Monteverdi's "Vespro della Beata Vergine" (1610). For me, the last
true masterpiece of the classical music, a natural musical artefact that I can
accept without any reservations, is Puccini's "Nessun dorma", 1923.
In the same year, Puccini wrote to his friend: "What happened to the
world? Melody either disappeared or became vulgar!" Soon, Sibelius started
drinking and stopped writing, saying: "If what passes for music nowadays
is music, I am no musician -- period." Thus, the era of noble and natural
musical expression lasted little more than 300 years. We live among the ruins
and crude imitations.
P.S. Please, be as casual as it suits you. I am not trying to be a pompous
stuffed shirt. English is not my native language, I am not at ease with
American colloquialisms. Therefore, I am afraid of making a foolish mistake by
using some idiom in a wrong way, and stick to more ponderous but reliable
style. Actually, I constantly translate into English what I am thinking in
Russian, which affects my syntax and choice of expressions.
I think in today's day and age, I might be labeled a musical
conservative. Art has changed drastically and in my opinion, has taken a turn
for the worse. Noise is not art, nor is paint randomly splashed on a canvas. If
only I could have lived 300-400 years ago, I might have thorougly enjoyed the
arts and philosophy of the day.
I agree with you, our current culture thrives on unimaginative junk and
"musicians" write only so they can bring in a paycheck.
Lester Bangs once said, "The first mistake of art is to assume that it's
serious." I disagree with this statement in that art can be as serious as
it needs to be; do you consider the mighty symphonies of Beethoven or the
Brandenburg Concertos of Bach "not serious"? I would be appalled if I
ever heard someone disrespect such serious and beautiful works.
Yet, what is art but a way of seeing? If present-day artists would only look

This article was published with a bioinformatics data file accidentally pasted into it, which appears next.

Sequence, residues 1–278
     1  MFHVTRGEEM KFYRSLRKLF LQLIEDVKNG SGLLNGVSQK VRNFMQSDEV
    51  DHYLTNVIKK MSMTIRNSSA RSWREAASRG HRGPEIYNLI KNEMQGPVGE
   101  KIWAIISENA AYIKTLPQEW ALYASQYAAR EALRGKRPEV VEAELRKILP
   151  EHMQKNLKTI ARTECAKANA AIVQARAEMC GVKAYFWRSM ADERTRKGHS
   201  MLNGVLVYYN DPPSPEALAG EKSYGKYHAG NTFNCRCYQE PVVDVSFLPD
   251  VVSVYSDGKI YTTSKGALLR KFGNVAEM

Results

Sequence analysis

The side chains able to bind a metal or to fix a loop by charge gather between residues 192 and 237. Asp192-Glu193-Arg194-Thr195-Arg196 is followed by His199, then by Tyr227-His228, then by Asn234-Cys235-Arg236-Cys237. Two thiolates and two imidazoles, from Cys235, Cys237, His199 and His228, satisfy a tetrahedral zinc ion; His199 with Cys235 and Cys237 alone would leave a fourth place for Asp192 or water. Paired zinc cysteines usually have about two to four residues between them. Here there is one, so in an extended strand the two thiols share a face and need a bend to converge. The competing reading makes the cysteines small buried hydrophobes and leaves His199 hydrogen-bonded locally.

past the guidelines and morals they are told to compose with, we might still
live in a world where free expression was looked highly upon, and where
geniuses still composed the masterpieces of our time.
I think I'm more in agreement than disagreement with you, Alex.
No doctoral dissertation is required as a response to any of
the observations above; certainly not to Scooter's comments about jazz, which
are really value judgements, anyway.
Any attempt to describe jazz by classical principles is inappropriate. The
futile attempt usually ends in a condescension, which is neither positive nor
productive. And the populist argument can be used to describe music of any
Every judgement about music is a value judgement. Even if I
believe that tonal music is natural, and atonal is not, I don't forget that
most of any tonal music is crap, anyway.
For one, I don't "condescend" toward jazz, because it is, obviously,
a complex, diverse, and evolved group of genres. I only can say that I don't
understand why other people like it so much, and that I am somewhat repelled by
the vulgar or bohemian cultural atmosphere usually associated with jazz (though
I remember that there are jazz musicians who don't necessarily represent such
I could suggest that classical music is a deeper, clearer language with wider
lexicon and farther possibilities, theorizing about ambiguousness of jazz
harmonies avoiding definite tonal centre by using 9- and 11-chords and
diminished 7-chords as its means of constant tonal shifts without definite
resolution. In fact, I think that lack of resolution, indecision, is one of the